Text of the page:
characters:

for (var i = 0; i < 128; i++)
... String.fromCharCode(i) ...

for (var i = 0; i < 128; i++)
for (var j = 0; j < 128; j++)
{
... String.fromCharCode(i) + String.fromCharCode(j) ...
}

As you see, the general algorithm is a recursive one (take a basic string
and test all concatenations of it with a string of length 1 of the same
subset.) Note that the level of recursion with functions is restricted to
the available stack memory which restricts the length of strings you can
test with it, so it would be best if you find an iterative approach.
Ideally, I would like to read from a dictionary file and then start a brute force.
The dictionary file could be a (generated) JavaScript file that contains a
declaration of a string array `a':

var a = new Array(
"a",
"an",
"abroad",
...
);

After including the file, you could iterate the array as follows:

for (var i = 0; i < a.length; i++)
{
... a[i] ...
}
Throughout each cycle, I imagine you just set input_user (in this
case) to the value of the next line in the file.
What is input_user?
Maybe more coffee would help?


Maybe. I would take Java beans ;-)
HTH

PointedEars

Jul 20 '05 #2

P: n/a
di******@hotmail.com (Curious) writes:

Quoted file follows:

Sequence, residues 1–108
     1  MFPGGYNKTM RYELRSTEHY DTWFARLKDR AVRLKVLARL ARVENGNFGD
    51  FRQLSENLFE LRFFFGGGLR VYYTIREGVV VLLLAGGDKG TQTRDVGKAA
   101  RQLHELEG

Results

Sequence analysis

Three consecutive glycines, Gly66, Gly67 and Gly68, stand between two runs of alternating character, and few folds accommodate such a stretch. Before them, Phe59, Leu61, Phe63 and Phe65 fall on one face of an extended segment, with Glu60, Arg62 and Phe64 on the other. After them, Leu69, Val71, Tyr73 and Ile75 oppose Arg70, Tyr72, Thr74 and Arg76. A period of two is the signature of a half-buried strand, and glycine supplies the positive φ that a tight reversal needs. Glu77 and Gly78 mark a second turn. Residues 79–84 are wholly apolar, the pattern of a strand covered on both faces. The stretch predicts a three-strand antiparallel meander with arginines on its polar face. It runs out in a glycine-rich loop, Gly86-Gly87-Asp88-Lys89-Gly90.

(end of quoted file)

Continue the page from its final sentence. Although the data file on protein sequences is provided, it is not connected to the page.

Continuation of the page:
I'm working on a challenge given to me. The Javascript I have been
given parses the user input in two ways.

Firstly it generates two numbers. One is the sum of the CharCodes and
the other is the product of multiply each of the charcodes together
and usisng the Modulus function.
The char codes are 8 bits or 16 bits? What is the modulus? 256?
If the text string is correct, the string is then used to decode (via
a relatively simple crypt) another string, which then gives you the
correct target url.
How do you recognize a correct URL?
I hope that makes sense - if it doesn't, its pretty unimportant as the
question I have is as follows :
You got me curious :) I love a good challenge :=
In javascript, how do I code something that allows me to cycle through
all the possible text strings. Ideally, I would like to read from a